It’s a day we all remember deeply anticipating, its arrival often marked with shouts of joy, the sweet release of a long-term task completed, excitement for the future and a twinge of remorse for bygone days that won’t be relived again.
As anyone with kids — or for that matter, most anyone with Facebook friends who are teachers — knows, the last day of school is upon us. For thousands of youngsters across Helena, the blessed day arrives either Wednesday or Thursday. For three months, our area’s youngsters will be saying so long to book-laden backpacks and hours of homework; and hello to afternoons at the pool (if it ever stops raining), long weekends at the lake (ditto), staying up and sleeping in, memorable if occasionally interminable family vacations, Brewers games, Blizzards at the DQ and all the other rites of summer that are as much a part of growing up here as the nine months a year spent in the classroom.
For better and worse, the day also stands out as a permanent marker of time, as parents know their kids have grown another year older and another year closer to independence. It can be bittersweet, with the pride in our offsprings’ accomplishment mixed with the knowledge that they’ll never be this age again.
Which brings us to summertime, and the need for awareness that there are more kids around our streets and sidewalks, on foot and on two wheels, that we all need to be aware of.
For example, in many parts of our country, the curbside lemonade stand is an anachronism. In Helena, though, it sometimes seems to be a rite of passage. While we delight in seeing young entrepreneurs set up on sidewalks around town selling Kool-Aid and cookies, their presence is also a reminder that summer means more kids at play in more neighborhoods — during sweaty, sultry afternoons, but also well into the gloaming of 9 p.m. and beyond. After all, there’s no school to get up for, and it’s tough to go to sleep early when it’s light out ’til nearly 10 p.m.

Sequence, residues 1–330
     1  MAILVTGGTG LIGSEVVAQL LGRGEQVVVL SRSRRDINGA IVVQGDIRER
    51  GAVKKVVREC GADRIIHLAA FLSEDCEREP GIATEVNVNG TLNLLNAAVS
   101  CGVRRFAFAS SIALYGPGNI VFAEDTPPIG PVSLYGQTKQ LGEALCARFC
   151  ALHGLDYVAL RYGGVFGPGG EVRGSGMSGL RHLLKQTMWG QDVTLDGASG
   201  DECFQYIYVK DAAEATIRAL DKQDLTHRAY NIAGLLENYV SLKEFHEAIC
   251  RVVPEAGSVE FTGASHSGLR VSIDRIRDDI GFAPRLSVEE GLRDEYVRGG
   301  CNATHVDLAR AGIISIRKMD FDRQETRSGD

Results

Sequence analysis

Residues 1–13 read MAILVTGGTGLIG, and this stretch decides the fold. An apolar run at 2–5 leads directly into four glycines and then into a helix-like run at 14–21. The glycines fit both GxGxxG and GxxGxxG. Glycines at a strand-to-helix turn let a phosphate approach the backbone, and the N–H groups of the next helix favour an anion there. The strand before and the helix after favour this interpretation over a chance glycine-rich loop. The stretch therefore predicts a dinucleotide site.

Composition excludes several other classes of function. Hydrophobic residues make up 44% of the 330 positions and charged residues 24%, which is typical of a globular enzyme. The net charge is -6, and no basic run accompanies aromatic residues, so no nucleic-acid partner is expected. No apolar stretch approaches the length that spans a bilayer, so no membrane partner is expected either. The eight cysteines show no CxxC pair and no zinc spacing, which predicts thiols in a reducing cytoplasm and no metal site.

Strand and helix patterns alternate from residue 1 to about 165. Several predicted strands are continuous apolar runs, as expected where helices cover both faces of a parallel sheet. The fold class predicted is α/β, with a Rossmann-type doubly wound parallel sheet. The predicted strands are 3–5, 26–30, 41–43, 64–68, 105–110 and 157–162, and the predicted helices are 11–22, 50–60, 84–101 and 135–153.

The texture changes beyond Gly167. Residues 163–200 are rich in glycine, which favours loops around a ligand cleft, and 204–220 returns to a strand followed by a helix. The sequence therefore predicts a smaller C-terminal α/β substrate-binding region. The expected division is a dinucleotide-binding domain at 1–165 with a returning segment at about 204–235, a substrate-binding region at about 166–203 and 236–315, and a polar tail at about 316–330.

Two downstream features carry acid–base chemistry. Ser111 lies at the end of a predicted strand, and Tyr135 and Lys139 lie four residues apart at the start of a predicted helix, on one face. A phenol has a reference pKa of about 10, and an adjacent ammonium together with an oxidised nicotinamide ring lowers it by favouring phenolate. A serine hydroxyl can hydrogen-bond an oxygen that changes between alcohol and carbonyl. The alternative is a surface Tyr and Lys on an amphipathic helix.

Kids will be out and about on our city’s streets and sidewalks throughout the day for the next three months — heading to and from summer camps and other programs; meeting friends in one of our dozens of parks; taking a first cautious ride without training wheels; and heading to one place or another for an afternoon of play.
So as we’re reveling in the completion of another school year, we need to be aware of the extra traffic throughout Helena. Watch for kids crossing streets, give youngsters on bikes a wide berth, and generally take it a little slower and easier. We all want everyone to be here with us to celebrate this day a year from now.